Other comments on this day's readings can be found here.
Reading 1 - 2Ki 11:1-3
"When Athaliah the mother of Ahaziah saw that her son was
dead, she proceeded to destroy the whole royal family. But Jehosheba, the
daughter of King Jehoram and sister of Ahaziah, took Joash son of Ahaziah and
stole him away from among the royal princes, who were about to be murdered. She
put him and his nurse in a bedroom to hide him from Athaliah; so he was not
killed. He remained hidden with his nurse at the temple of the LORD for six
years while Athaliah ruled the land" (2Ki 11:1-3).
"The king of Judah has been killed, his alliance with the king
of Israel having involved him in the latter's fate. Jehu had also murdered 'the
brethren of Ahaziah,' forty-two in number. Next, Athaliah, the mother of Ahaziah
and a daughter of Ahab, killed all the males of the royal family, and planted
herself on the throne. She had Jezebel's force of character, unscrupulousness
and disregard of human life. She was a tigress of a woman, and, no doubt, her
six years' usurpation was stained with blood and with the nameless abominations
of Baal worship. Never had the kingdom of Judah been at a lower ebb. One infant
was all that was left of David's descendants. The whole promises of God seemed
to depend for fulfillment on one little, feeble life. The tree had been cut
down, and there was but this one sucker pushing forth a tiny shoot from 'the
root of Jesse.'
"We have in the passage, first, the six years of hiding in the
temple. It is a pathetic picture, that of the infant rescued by his brave aunt
from the blood-bath, and stowed away in the storeroom where the mats and
cushions which served for beds were kept when not in use, watched over by two
loving and courageous women, and taught infantile lessons by the husband of his
aunt, Jehoiada the high priest. Many must have been aware of his existence, and
there must have been loyal guarding of the secret, or Athaliah's sword would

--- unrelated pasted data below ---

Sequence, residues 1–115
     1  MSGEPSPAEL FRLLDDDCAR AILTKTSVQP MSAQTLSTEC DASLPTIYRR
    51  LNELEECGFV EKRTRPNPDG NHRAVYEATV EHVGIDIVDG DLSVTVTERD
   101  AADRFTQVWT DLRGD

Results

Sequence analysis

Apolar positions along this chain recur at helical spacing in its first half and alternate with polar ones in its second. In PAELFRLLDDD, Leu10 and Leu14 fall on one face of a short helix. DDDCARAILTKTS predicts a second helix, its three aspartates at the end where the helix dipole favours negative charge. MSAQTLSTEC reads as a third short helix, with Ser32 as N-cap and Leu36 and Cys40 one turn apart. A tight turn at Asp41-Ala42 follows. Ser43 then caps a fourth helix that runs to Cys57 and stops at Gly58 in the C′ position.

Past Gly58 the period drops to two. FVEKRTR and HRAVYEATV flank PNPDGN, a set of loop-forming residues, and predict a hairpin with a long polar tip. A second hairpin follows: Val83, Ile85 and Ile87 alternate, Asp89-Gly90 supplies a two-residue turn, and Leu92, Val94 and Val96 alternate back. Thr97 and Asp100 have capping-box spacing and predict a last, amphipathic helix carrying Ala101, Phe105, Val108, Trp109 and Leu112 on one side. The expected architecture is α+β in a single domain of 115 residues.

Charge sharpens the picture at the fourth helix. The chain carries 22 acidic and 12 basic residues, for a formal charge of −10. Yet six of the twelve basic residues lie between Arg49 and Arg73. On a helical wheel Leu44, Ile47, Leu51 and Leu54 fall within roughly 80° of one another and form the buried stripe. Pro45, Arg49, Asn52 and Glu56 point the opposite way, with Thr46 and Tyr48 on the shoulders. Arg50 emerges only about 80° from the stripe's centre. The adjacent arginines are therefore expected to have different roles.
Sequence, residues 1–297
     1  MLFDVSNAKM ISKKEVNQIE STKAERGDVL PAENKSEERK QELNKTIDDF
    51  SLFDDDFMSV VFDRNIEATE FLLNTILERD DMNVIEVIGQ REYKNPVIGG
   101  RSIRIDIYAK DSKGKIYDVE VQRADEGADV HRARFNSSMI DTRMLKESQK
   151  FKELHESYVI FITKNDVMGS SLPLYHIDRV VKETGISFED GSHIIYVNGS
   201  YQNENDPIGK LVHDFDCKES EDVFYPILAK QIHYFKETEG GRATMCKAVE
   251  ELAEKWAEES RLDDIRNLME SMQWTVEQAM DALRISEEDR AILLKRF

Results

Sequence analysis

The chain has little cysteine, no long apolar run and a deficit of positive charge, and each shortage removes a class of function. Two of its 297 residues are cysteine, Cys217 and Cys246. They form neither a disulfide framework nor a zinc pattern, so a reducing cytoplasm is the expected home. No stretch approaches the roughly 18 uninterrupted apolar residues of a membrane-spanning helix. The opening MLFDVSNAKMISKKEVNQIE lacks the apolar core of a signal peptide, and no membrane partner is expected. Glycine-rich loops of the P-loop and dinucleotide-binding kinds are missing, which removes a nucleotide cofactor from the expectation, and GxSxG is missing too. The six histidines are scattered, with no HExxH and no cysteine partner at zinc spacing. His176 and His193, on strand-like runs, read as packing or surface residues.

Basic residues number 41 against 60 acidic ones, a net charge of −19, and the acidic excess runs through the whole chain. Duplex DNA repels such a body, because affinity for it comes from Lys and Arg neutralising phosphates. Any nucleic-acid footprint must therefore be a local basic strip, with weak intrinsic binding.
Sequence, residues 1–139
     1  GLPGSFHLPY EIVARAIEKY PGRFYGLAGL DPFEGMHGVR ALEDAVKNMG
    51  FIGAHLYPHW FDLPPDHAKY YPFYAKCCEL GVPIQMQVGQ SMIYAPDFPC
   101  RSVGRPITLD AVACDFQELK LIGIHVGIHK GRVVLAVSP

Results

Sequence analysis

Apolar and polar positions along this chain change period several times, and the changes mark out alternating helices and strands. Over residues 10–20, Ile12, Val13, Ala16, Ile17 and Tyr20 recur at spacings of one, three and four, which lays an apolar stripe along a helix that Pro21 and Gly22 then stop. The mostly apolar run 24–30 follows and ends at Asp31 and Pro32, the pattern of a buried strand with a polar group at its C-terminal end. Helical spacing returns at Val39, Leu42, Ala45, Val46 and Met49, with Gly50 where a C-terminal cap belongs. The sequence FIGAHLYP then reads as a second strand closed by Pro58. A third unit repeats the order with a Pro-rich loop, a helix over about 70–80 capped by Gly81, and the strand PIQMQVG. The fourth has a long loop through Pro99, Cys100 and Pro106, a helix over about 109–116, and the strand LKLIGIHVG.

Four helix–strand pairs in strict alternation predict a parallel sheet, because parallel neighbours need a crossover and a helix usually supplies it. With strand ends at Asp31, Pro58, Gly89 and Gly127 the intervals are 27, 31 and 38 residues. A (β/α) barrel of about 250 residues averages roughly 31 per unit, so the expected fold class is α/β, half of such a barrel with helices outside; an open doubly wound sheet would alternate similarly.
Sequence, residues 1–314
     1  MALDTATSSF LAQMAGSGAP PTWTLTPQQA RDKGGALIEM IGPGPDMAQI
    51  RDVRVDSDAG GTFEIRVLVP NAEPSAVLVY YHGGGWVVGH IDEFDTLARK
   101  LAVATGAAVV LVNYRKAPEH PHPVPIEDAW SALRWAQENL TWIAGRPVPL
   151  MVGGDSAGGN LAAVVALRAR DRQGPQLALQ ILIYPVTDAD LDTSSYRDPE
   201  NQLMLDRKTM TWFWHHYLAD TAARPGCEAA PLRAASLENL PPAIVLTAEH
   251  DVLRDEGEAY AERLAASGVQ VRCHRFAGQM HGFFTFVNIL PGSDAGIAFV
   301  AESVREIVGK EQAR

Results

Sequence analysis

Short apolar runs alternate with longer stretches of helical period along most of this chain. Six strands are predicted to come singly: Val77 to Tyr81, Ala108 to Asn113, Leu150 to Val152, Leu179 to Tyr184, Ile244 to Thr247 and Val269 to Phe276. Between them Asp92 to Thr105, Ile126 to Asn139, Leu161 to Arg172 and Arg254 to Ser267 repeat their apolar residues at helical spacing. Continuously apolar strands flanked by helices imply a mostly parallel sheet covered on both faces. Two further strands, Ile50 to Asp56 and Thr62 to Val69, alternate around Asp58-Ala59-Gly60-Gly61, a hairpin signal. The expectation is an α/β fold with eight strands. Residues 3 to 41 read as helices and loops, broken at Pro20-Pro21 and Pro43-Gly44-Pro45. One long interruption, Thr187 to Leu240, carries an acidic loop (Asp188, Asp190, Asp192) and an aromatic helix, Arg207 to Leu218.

have been reddened with the baby's blood. Like the child Samuel, he had the
Temple for his home, and his first impressions would be of daily sacrifices and
white-robed priests. It was a better school for him than if he had been in the
palace close by. The opening flower would have been soon besmirched there, but
in the holy calm of the Temple courts it unfolded unstained. A Christian home
should breathe the same atmosphere as surrounded Joash, and it, too, should be a
temple, where holy peace rules, and where the first impressions printed on
plastic little minds are of God and His service" (Alexander MacLaren).
Reading 2 - Eze 2:9,10
"Then I looked, and I saw a hand stretched out to me. In it
was a scroll, which he unrolled before me. On both sides of it were written
words of lament and mourning and woe" (Eze 2:9,10).
In Jerusalem, Jeremiah had written such a book, or scroll --
with words against Israel and Judah (Jer 36:2). This scroll was read bit by bit,
and then burned by king Jehoiakim (v 23), as though he could so easily rid
himself of its unpleasant warnings and predictions. But the scroll was rewritten
(v 29), and its dire prophecies would still stand: "This is what the LORD says:
'You burned that scroll and said, "Why did you write on it that the king of
Babylon would certainly come and destroy this land and cut off both men and
animals from it?" ' Therefore, this is what the LORD says about Jehoiakim king
of Judah: 'He will have no one to sit on the throne of David; his body will be
thrown out and exposed to the heat by day and the frost by night. I will punish
him and his children and his attendants for their wickedness; I will bring on
them and those living in Jerusalem and the people of Judah every disaster I
pronounced against them, because they have not listened' " (Jer 36:29-31).
And now, this is the message which Ezekiel sees written on the
scroll in front of him -- God's word concerning the pending judgments upon
Reading 3 - 2Co 9:15
"Thanks be to God for his indescribable gift!" (2Co
The indescribable gift of God, by which He showed His
exceeding grace, involved His sowing bountifully, generously, and willingly...
above, far above, what He might have been expected to do.
This describes the Father's giving up of His Son, to a cruel
death... which was a loss and a sorrow that hurt Him deeply. This is what Paul
has in mind when, in Rom 8, he compares Abraham's offering of his precious son
Isaac (Gen 22) to God's offering of His Son Jesus: "He who did not spare his own
Son, but gave him up for us all -- how will he not also, along with him,